June 10, 2024 - by Colleen Aracri

So You Want to Present a Case Before the Maryland Office of Administrative Hearings?

To effectively present a case before the Maryland Office of Administrative Hearings (OAH), it is essential to understand OAH’s specific procedural rules and adaptable to its unique hearing process.

Specifically, attorneys who aim to practice before the OAH should familiarize themselves with both the statutes and regulations specific to their case type as well as the OAH Rules of Procedure, which are set forth at the Code of Maryland Regulations 28.02.01. It is important to note that these procedural rules differ significantly from those that govern the Maryland state and federal courts, in that they allow for a more streamlined and less formal process and offer greater flexibility with regard to evidence and testimony.

The types of cases handled by the OAH include motor vehicle violations (such as license suspensions and revocations), involuntary admissions to psychiatric hospitals, social service entitlement appeals (e.g., food stamps and medical assistance), state employee discipline and grievances, and many others. Administrative Law Judges (ALJs) conduct administrative hearings for the OAH. ALJs may issue decisions from the bench in Motor Vehicle Administration (MVA), involuntary admission (IVA), clinical review panel (CRP) appeals, patient bill of rights (PBR), and developmental disabilities administration (DDA) cases, while they typically deliver written decisions in all other types of cases they hear.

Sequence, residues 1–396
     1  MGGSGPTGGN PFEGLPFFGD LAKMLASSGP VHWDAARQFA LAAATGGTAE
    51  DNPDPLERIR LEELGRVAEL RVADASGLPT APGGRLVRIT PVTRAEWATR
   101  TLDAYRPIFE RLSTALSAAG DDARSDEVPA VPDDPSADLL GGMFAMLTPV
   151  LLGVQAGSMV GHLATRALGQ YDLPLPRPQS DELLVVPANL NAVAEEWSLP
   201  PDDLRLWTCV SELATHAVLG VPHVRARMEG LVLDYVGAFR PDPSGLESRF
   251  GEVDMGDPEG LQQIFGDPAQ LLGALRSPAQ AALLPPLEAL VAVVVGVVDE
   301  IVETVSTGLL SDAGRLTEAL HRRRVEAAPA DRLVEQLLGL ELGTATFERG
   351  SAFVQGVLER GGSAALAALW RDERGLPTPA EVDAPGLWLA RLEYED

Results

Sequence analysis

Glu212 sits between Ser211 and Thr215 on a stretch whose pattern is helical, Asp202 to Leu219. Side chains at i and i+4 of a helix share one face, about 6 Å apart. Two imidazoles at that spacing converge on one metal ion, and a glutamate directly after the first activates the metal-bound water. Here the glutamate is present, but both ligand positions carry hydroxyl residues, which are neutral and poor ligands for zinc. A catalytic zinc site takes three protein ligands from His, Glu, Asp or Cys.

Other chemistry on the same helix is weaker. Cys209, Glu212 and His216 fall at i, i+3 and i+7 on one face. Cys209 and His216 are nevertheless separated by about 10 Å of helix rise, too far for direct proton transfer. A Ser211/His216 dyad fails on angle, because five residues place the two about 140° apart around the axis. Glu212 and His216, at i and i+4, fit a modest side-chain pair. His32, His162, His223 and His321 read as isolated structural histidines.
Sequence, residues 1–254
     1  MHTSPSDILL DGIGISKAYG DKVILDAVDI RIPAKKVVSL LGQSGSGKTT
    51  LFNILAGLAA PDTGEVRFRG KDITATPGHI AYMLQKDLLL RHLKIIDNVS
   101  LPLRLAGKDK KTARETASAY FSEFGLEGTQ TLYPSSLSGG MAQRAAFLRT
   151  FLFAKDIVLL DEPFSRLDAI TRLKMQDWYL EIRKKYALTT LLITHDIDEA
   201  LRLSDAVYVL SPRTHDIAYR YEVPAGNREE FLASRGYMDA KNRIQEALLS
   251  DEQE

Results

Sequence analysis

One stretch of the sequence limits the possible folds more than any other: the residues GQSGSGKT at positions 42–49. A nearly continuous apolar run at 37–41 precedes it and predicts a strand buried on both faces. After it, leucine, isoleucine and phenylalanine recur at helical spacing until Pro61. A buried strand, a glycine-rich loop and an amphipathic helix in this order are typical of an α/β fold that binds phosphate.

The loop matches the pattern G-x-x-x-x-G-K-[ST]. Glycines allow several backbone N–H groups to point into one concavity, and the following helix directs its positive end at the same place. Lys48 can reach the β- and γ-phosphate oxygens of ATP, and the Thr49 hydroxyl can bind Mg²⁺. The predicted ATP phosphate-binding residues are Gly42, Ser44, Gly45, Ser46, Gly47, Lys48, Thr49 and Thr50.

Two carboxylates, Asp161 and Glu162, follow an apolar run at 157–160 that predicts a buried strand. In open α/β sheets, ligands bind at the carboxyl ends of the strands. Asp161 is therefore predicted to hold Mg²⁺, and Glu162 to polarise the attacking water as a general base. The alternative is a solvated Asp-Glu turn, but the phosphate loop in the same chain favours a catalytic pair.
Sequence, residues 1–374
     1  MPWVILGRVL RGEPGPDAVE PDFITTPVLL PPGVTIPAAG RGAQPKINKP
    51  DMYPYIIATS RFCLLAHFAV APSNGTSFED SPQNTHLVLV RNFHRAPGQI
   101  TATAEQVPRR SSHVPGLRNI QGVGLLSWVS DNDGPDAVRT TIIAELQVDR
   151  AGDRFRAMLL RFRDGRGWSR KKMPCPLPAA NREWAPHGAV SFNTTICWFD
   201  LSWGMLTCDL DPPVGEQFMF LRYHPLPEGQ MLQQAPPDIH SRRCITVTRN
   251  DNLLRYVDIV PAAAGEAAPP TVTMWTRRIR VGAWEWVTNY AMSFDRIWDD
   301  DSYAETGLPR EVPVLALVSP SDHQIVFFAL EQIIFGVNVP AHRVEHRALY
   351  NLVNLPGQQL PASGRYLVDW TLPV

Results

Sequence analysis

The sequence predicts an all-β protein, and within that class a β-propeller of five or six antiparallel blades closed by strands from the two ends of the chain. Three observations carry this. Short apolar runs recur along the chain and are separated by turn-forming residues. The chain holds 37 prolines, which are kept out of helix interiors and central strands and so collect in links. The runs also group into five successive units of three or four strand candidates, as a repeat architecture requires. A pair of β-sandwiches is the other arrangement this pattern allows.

The OAH encourages parties to confer with one another to attempt to settle their cases, and offers parties the option of assigning an ALJ to act as a settlement judge or mediator. In compliance with Maryland Rule 17-104, all ALJs have completed the initial 40-hour mediation training course and receive the required annual continuing mediation training. Generally speaking, contested cases that do not resolve prior to their hearings follow the format of opening statements, presentation of witnesses and other evidence, direct and cross examination, closing arguments, and rebuttals.

ALJs encourage attorneys presenting OAH cases to have copies of exhibits available for participants, and to file motions as early as possible, as they may not rule on last minute motions before hearings. They also stress the importance of attorneys refraining from ex parte or informal communications with ALJs.


This article is derived from the presentation So You Want To Present A Case Before The Maryland Office Of Administrative Hearings?, by the Honorable John Leidig and the Honorable Syeetah Hampton-EL, as part of MSBA’s 2024 Legal Summit in Ocean City.